The fifth annual Soul Stroll for Health is slated for Aug. 8 in Sacramento.

The fifth annual Soul Stroll for Health is slated for Aug. 8 in Sacramento.

Soul Stroll for Health walk raises funds for charitable causes

By Don Chaddock, Inside CDCR editor

Signups are under way for the fifth annual Soul Stroll for Health in Sacramento.

Organized by Correctional Workers Who Care, the 5K walk is a fundraiser for families served by St. John Shelter and the Children’s Receiving Home. Funds also go toward hosting a Christmas breakfast and toy giveaway at the Sam and Bonnie Pannell Center. The walk is slated for 8 a.m., Aug. 8, at William Land Park, 3800 S. Land Park Drive, Sacramento.

The stroll also supports the County of Sacramento Black Infant Health program, which provides resources and services to improve the health of women and infants.

“This event brings awareness of health issues impacting communities of color and communities plagued by poverty,” said Diane Shepherd, an employee of the state prison system and founder of Correctional Workers Who Care. “Our goal is to eliminate disparities in health outcomes for all people.”

This year’s walk is partnering with the Banana Festival “to create an exciting start to this fun family event,” according to organizers.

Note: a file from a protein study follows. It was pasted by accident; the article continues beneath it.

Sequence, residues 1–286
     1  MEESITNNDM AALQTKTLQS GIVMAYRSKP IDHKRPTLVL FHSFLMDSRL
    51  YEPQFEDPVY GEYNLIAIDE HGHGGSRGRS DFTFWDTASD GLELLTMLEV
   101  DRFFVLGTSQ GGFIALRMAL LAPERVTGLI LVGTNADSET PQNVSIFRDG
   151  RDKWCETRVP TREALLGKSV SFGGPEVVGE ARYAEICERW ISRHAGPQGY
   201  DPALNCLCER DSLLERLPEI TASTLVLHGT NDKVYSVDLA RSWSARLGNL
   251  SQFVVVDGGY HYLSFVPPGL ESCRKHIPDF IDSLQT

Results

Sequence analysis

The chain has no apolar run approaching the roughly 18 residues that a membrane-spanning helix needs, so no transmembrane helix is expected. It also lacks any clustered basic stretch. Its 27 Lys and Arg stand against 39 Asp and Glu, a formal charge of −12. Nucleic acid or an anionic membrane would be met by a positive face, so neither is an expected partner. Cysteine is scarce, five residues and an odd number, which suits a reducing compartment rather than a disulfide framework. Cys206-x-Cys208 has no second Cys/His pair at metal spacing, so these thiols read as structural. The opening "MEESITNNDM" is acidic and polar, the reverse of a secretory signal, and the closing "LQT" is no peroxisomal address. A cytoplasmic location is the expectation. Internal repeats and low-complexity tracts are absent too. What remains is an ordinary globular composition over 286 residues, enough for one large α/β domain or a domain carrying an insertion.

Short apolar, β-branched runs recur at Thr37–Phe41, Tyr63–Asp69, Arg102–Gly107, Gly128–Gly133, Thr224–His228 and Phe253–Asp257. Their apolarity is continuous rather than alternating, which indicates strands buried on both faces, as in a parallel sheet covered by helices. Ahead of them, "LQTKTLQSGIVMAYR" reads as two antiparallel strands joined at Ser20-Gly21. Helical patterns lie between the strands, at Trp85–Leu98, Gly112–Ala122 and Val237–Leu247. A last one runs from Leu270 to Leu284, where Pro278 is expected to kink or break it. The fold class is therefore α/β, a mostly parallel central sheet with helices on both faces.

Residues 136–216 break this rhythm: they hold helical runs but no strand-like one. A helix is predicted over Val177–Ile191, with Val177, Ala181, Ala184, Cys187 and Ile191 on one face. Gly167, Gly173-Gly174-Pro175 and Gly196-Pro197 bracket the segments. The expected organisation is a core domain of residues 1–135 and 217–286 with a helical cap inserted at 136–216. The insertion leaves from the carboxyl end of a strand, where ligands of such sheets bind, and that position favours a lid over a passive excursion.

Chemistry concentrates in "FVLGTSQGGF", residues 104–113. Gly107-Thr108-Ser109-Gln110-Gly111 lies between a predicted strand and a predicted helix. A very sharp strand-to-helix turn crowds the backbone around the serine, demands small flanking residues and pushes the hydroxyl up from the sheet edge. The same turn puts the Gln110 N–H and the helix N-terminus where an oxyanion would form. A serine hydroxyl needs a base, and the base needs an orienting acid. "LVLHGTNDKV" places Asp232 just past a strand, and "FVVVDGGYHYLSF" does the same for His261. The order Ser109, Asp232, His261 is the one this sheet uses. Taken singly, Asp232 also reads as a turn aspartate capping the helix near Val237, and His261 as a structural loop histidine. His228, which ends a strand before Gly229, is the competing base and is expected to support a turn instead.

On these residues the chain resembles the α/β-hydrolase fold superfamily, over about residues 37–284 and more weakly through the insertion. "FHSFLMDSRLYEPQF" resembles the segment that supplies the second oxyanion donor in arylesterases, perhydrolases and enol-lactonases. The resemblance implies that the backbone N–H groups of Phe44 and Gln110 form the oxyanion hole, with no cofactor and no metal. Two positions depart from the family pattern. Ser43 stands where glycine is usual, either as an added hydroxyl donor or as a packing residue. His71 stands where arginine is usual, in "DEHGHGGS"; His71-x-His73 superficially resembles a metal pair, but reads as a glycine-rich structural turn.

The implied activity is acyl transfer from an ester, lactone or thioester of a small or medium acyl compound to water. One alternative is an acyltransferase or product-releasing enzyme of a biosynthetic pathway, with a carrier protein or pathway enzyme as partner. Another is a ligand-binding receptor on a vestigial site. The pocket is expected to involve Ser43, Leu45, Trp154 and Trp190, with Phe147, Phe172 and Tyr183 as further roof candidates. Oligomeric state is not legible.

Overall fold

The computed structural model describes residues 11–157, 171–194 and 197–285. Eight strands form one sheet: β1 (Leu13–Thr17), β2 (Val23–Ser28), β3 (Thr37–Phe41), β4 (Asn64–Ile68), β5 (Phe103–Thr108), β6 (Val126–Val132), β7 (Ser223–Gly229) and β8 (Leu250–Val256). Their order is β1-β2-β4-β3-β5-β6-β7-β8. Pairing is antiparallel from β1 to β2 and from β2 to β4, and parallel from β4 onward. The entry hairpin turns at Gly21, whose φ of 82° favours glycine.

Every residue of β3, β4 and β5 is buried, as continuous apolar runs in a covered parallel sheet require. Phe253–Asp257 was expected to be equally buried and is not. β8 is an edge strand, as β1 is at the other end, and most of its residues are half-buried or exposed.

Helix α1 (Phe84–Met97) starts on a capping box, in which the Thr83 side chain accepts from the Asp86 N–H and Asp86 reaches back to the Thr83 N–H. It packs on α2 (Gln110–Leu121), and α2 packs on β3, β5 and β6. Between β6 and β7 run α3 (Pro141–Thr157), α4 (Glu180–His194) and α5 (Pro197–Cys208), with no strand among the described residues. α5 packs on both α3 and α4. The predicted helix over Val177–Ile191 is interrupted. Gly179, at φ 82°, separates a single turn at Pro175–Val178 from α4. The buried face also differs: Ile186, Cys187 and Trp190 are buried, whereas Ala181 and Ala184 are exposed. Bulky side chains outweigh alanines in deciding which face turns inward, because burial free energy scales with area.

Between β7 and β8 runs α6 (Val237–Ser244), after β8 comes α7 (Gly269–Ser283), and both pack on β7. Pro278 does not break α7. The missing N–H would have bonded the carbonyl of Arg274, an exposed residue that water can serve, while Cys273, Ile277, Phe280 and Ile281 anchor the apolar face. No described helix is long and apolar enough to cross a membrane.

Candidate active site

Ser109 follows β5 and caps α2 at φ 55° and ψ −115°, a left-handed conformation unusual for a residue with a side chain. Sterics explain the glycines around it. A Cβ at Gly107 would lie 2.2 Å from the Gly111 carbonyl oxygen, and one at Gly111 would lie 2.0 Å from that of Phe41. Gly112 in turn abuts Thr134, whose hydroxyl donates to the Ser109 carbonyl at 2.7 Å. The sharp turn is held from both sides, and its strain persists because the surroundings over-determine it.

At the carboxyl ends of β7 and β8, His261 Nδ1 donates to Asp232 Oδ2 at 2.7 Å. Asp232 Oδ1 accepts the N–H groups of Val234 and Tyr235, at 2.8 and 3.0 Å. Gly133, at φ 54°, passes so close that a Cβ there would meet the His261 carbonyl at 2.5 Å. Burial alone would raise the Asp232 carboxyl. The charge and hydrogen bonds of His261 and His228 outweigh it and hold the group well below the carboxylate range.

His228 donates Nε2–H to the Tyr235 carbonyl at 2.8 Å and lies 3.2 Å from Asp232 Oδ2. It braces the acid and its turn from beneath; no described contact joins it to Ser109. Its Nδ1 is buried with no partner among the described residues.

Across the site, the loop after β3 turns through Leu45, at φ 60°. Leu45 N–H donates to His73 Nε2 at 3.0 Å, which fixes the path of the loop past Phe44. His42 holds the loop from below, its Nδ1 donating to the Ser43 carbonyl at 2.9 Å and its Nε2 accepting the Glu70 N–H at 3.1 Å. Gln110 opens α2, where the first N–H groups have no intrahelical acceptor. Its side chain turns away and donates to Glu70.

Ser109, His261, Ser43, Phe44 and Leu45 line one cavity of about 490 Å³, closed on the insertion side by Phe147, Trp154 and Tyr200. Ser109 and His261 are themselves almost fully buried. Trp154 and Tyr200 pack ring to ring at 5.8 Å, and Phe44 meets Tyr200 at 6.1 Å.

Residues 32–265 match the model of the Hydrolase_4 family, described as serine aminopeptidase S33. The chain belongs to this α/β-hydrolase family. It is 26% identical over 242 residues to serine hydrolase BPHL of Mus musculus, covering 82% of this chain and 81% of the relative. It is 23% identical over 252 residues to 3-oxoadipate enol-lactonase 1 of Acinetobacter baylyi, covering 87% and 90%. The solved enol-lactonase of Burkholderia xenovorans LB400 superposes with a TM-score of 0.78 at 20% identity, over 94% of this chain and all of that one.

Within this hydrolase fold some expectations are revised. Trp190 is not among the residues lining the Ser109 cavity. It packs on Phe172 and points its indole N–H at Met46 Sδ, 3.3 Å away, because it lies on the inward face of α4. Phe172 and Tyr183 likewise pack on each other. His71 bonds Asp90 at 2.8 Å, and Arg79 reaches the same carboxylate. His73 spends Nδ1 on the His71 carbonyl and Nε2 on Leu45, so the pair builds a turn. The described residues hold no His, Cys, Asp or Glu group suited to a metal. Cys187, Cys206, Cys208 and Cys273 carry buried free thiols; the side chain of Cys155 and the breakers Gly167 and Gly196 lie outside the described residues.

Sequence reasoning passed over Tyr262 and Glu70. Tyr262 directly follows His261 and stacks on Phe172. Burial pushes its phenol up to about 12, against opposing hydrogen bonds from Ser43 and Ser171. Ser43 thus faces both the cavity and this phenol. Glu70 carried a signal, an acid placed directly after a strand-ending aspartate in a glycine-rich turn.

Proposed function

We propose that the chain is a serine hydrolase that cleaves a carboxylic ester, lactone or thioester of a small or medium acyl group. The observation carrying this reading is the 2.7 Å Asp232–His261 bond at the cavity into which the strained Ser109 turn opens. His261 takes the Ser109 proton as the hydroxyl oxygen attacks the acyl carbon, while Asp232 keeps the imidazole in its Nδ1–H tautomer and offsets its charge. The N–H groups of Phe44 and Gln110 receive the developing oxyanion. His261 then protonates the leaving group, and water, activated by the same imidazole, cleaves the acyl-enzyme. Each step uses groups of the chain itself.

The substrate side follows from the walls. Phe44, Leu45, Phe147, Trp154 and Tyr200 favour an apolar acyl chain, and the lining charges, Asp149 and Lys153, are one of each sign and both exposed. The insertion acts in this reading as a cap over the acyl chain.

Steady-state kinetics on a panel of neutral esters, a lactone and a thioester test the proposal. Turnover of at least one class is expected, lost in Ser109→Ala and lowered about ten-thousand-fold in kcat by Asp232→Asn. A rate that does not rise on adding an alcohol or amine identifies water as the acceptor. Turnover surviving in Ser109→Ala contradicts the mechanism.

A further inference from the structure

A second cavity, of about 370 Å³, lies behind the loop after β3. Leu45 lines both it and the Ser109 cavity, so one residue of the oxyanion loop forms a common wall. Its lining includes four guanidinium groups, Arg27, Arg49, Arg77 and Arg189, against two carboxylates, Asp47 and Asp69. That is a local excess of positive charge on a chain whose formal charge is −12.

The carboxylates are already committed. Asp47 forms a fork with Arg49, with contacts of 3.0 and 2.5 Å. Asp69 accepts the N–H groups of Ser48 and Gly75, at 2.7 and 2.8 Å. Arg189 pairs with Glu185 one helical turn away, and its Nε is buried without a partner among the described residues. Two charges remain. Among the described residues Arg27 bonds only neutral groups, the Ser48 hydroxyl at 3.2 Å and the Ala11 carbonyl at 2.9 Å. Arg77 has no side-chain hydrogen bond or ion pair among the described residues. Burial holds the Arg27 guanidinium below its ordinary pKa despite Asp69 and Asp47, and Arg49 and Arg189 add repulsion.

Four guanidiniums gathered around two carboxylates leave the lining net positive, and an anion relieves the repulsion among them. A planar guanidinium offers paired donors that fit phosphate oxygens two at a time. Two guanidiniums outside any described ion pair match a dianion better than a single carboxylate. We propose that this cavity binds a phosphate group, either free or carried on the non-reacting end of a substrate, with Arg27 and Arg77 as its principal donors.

“We want to ensure all people in Sacramento have the opportunity to thrive no matter where they live, work, play, worship or attend school,” Shepherd said. “We can all take a step in ensuring the next generation of children resides in healthy communities.”

According to Shepherd, Sacramento City Councilman Rick Jennings, a former Raider football player, will serve as Honorary Chair for the walk this year.

“Rick was drafted in 1976 in the 11th round by the Oakland Raiders professional football team. With Rick returning punts and kickoffs, the Oakland Raiders won Super Bowl XI with a score of 32-14 over the Minnesota Vikings,” his city biography states.

How common are infant deaths?

Sacramento County ranks the third highest in the state for infant deaths, according to the California Department of Public Health.

In 2012, 110 infants died in the county. The rate was nearly 25 percent higher than the statewide average.

According to the report, the infant death rate among blacks in the county was three times higher than the rate for whites.

(Editor’s note: Some websites may not be accessible from a CDCR computer.)

Learn more about the event,